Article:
When Robin Romm's The Mother Garden was published, The New York Times Book Review called her "a close-up magician," saying, "hers is the oldest kind [of magic] we know: the ordinary incantation of words and stories to help us navigate the darkness and finally to hold the end at bay." In her searing memoir The Mercy Papers, Romm uses this magic to expand the weeks before her mother's death into a story about a daughter in the moments before and after loss.
With a striking mix of humor and honesty, Romm ushers us into a world where an obstinate hospice nurse tries to heal through pamphlets and a yelping grandfather squirrels away money in a shoe-shine kit. Untrained dogs scamper about as strangers and friends rally around death, offering sympathy as they clamor for attention. The pillbox turns quickly into a metaphor for order; questions about medication turn to musings about God. The mundane and spiritual melt together as Romm reveals the sharp truths that lurk around every corner and captures, with great passion, the awe, fear, and fury of a daughter losing her mother.
The Mercy Papers was started in the midst of heartbreak, and not originally intended for an audience. The result is a raw, unsentimental book that reverberates with humanity. Robin Romm has created a tribute to family and an indelible portrait that will speak to anyone who has ever loved and lost.
Reading Group Guide
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This reading group guide for The Mercy Papers: A Memoir of Three Weeks by Robin Romm includes an introduction, discussion questions, and ideas for enhancing your book club. The suggested questions are intended to help your reading group find new and interesting angles and topics for your discussion. We hope that these ideas will enrich your conversation and increase your enjoyment of the book.
Robin’s mother, Jackie, was diagnosed with breast cancer the summer after her freshman year of college. For the past nine years, Jackie has been fighting to manage her disease, but the family believes she has entered its final stages and asks Robin to return home. In the ensuing three weeks Robin, her father, and their friends struggle to come to terms with the approaching loss of Jackie.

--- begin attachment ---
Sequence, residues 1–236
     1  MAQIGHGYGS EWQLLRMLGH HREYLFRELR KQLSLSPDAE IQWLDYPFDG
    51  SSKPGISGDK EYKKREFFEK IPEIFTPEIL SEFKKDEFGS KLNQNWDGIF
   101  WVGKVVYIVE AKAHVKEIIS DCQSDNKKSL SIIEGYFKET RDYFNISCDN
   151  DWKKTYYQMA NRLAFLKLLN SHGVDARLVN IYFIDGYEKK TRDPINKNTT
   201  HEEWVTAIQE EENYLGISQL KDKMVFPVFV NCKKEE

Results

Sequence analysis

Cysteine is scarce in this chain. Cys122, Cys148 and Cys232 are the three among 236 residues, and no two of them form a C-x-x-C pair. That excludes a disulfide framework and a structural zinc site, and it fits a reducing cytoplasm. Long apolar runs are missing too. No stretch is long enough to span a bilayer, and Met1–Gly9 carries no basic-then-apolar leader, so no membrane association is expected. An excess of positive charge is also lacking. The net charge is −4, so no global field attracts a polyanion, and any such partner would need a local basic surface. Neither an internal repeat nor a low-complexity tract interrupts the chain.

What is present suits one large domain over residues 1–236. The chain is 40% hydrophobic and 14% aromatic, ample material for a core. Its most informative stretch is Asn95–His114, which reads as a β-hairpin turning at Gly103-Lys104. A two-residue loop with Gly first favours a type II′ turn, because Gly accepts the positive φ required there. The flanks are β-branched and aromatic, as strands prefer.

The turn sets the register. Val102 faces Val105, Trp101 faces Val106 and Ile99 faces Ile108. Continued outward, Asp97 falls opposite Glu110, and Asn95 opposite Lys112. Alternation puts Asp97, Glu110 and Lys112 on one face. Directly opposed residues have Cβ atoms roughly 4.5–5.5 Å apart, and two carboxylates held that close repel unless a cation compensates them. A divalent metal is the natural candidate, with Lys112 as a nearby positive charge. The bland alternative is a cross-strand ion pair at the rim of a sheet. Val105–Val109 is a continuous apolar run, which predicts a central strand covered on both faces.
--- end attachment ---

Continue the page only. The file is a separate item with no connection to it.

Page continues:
Robin Romm provides a savaging and emotionally honest exploration of the devastation she feels as she contemplates the eternal absence of her mother; there is no peace or relief from the pain. In her disavowal of platitudes about the passage of time and its powers to heal, Robin takes us to the dark abyss that haunts any of us who’ve loved and lost. Her wish that her mother’s journey will be of some use to readers is secured as we leave this haunting and unapologetically forthright reality check on the enduring cost of loss.
Questions for Discussion
1. Robin provides an unwavering and unflinching portrait of her grief. Discuss the aspects of her portrayal that you found most compelling and/or difficult to take. What do you believe she risks in her revealing portrait? What do you think may be the value of that risk?
2. At the beginning of the book Robin writes about the hospice nurse Barb who is “building a boat to sail my mother out.” Discuss how Robin uses the metaphor of boatbuilding throughout the memoir.
3. 3. Explain the nature of Robin’s relationship with Barb. What do their interactions reveal about the challenges and/or benefits of having a virtual stranger participate in the care of a loved one in the intimate confines of a family?
4. While most of the book takes place in the Romm’s home there are several moving descriptions of the natural world. Discuss the sense of place in the book. Describe the Romm family’s relationship to nature and the different ways the natural world surfaces in Robin’s writing.
5. Compare and contrast Camas’s and Don’s reactions to Jackie’s illness. Discuss their expectations of Robin as she managed her mother’s illness. What do their reactions highlight about living with the daily specter of death? How do you imagine you might have reacted if you were in their position?
6. Robin writes that “women stop their lives; they’re programmed that way” as she considers the number of women who come by to provide support to her family. In your experience, what differences have you noted between how men and women respond to illness and loss?
7. Robin exposes the complicated emotional minefield that springs up among Jackie’s helpers (herself, her father, Martha, and Sue) as they struggled to make sense of Jackie’s approaching death. Discuss their relationships with one another. What role did they strive to play in the household?
8. Barb suggests that Robin had the power to release her mother to death. Yet Robin believes that Jackie wanted “more life, at any cost.” Describe Jackie. What were her strengths and weaknesses? What sense did you have of where she might have stood on this issue? Provide examples for your reasoning.